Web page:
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Meet the Staff: Lauren LaStrapes



Today on the blog, we're getting to know our Adoption Specialist, Lauren LaStrapes! If you've ever called Choice with questions about adopting, you've probably already met this awesome woman. With an MSW in social work, Lauren's career has taken her to some incredible places! Here at Choice, she serves our adoption community by conducting home studies for our adoptive families, acts as a liaison for foster families, mediates communication between birth parents and adoptive parents, and helps our adult adoptees with birth searches! (Yeah, I wasn't joking. She's AMAZING.) In addition to her incredible career in social work, Lauren is an outdoorsy PNW adventurer with a passion for social justice, who loves exploring in Portland with her partner and 18-month old daughter!





We live in a city with some amazing food! What's your go-to, here in Portland? I love Greek food, but I also love going to food trucks, cause I also love Thai food. I’m the type of person, who’s like, “Let’s order a bunch of things!"


What's your favorite way to spend a 3-Day Weekend? Before I had my baby, I would have said being outdoors. Me and my partner love hiking and camping. It’s hard to camp with our baby, so now it’s more like, long walks and hikes with her. Last summer, we camped around Olympic National, close to Canada, and that was super fun!



What is a surprising fact about you? I was very sporty in another life. I used to play collegiate softball; my siblings and I played since we were little and I got to travel quite a bit. I’ve been to so many places because of softball. I forget that was my everything from ages 5-23. I love sports! All of them!


How did you first start in the field of adoption work, and how did you start at Choice specifically? As a kid, I would watch the “Feed the Children” commercials. I wanted to join the Peace Corps because I wanted to help children internationally, in different orphanages, and that’s what the Peace Corps did.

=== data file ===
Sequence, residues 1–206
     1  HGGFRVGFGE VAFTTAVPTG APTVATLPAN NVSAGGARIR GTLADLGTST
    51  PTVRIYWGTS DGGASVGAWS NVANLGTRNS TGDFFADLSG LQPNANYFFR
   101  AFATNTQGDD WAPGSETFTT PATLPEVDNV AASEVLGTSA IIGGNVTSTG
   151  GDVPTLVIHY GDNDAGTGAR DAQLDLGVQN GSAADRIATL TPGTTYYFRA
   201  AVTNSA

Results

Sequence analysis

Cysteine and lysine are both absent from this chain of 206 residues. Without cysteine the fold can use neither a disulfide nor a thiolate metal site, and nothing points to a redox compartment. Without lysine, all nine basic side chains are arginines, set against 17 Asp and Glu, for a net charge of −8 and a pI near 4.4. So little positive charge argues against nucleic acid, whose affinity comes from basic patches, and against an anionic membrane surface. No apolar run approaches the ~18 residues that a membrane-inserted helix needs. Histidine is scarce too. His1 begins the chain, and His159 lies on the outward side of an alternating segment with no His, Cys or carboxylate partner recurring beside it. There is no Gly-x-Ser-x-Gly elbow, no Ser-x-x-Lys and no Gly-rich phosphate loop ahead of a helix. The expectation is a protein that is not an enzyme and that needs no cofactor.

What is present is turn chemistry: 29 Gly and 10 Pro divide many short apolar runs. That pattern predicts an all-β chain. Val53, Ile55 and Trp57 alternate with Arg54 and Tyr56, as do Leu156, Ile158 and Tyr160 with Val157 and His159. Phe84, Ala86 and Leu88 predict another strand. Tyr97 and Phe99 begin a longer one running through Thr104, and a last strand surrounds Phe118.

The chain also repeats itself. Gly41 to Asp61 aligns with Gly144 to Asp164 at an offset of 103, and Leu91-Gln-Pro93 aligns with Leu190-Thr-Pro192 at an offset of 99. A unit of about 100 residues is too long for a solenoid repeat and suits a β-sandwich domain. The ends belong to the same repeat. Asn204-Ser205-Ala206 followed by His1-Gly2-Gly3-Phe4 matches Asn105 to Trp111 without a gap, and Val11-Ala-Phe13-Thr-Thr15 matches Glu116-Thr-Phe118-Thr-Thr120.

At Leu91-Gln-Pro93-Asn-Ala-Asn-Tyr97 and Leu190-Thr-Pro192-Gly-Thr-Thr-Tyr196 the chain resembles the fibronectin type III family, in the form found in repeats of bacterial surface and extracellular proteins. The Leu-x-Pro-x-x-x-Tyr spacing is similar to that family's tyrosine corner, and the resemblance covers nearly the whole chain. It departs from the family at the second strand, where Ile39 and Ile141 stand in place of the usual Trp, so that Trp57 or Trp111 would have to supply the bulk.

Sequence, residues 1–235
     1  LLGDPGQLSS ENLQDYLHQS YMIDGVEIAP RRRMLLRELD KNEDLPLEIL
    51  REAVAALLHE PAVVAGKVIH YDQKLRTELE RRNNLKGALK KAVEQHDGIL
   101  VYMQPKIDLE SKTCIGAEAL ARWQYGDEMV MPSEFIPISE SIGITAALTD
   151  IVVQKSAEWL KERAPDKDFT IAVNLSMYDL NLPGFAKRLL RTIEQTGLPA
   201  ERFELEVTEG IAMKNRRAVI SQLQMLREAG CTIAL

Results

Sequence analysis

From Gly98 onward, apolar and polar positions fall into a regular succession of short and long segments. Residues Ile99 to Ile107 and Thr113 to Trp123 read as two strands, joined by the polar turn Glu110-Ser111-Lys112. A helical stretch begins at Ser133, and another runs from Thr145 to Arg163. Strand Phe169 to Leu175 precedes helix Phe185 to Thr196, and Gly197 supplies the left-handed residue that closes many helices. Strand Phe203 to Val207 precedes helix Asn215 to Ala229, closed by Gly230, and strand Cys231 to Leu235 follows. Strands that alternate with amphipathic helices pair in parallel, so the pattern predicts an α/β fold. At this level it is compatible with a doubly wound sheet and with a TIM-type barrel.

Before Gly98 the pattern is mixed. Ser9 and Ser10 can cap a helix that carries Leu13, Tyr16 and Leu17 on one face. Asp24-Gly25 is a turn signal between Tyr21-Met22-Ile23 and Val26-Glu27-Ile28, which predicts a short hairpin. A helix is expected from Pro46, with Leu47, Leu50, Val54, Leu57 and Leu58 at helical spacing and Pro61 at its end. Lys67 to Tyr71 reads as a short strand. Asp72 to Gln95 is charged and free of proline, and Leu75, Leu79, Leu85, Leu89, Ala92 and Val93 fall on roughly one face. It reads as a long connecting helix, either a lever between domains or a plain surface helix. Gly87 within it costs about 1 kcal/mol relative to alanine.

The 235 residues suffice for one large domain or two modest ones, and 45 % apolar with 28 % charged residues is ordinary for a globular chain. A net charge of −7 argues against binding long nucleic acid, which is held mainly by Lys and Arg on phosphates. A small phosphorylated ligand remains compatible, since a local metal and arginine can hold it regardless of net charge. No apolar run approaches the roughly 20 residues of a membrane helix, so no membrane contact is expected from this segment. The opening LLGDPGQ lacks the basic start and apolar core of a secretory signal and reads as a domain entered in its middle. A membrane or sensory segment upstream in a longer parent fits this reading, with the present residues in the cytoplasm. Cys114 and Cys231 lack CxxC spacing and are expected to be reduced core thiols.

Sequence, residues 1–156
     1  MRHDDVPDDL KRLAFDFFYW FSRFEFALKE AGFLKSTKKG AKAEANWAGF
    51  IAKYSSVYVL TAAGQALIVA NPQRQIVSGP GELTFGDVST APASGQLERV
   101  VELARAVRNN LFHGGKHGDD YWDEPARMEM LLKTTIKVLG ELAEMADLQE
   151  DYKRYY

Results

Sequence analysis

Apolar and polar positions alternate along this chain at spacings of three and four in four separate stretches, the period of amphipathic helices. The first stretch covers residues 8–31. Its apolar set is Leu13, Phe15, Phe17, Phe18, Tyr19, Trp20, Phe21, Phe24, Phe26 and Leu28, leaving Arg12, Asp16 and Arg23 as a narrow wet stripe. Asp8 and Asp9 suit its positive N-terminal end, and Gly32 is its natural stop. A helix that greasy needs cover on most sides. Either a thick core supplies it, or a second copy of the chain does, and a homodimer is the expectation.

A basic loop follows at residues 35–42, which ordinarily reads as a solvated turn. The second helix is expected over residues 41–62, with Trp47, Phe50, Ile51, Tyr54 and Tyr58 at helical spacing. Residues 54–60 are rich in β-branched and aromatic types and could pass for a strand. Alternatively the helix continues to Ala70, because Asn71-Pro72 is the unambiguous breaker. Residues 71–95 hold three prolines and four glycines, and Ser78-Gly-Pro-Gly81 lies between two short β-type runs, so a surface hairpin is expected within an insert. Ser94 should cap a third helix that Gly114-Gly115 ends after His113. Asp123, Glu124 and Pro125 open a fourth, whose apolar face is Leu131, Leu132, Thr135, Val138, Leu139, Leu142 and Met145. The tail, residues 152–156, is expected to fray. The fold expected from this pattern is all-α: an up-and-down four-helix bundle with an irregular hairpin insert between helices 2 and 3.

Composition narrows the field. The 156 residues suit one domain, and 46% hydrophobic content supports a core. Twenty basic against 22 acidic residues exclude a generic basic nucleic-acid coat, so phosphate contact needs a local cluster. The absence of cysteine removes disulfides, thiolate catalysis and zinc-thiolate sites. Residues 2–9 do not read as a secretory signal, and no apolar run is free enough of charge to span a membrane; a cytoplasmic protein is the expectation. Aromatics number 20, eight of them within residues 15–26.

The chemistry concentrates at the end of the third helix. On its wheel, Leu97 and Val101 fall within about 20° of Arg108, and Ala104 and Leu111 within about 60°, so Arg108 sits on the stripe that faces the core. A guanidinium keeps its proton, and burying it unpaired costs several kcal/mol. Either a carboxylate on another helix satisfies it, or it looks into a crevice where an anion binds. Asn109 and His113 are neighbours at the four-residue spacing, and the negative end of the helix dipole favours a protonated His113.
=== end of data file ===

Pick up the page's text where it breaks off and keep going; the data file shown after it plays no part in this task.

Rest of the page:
But when I was getting my master’s degree, I was doing my fellowship with a congress member. So for a long time I was going to Washington DC, doing policy work. I wanted to work on behalf of children and families...but then I found out that everyone was scraping for crumbs at that level--to be quite honest--to get the trickle-down. And I realized that I couldn’t affect policy or change on a macro level if I didn’t actually know what it was like to be on the ground, in the field. How could I advocate for children and families from such a high point if I never saw what it was like in a low-income school?



I started working for Portland Public Schools because I wanted to be in an area with children who I felt like deserved so much more than they were getting. I worked in an area with a lot of diversity and low incomes families. A lot of these kids were in foster care. When they were coming to me at school...something as simple as a hug was something that they weren’t really getting. I realized I wanted to unite kids with families because that was something that was the meat and bones of helping them–getting them into households.


I worked in international adoption, which to me was the culmination of my journey in social work, and I loved it, but I missed working with children in my community. I missed working with kids in the community, kids in the Portland/Metro area. I came from a school setting where I was working with kids directly in my neighborhood. I wanted to get back to that.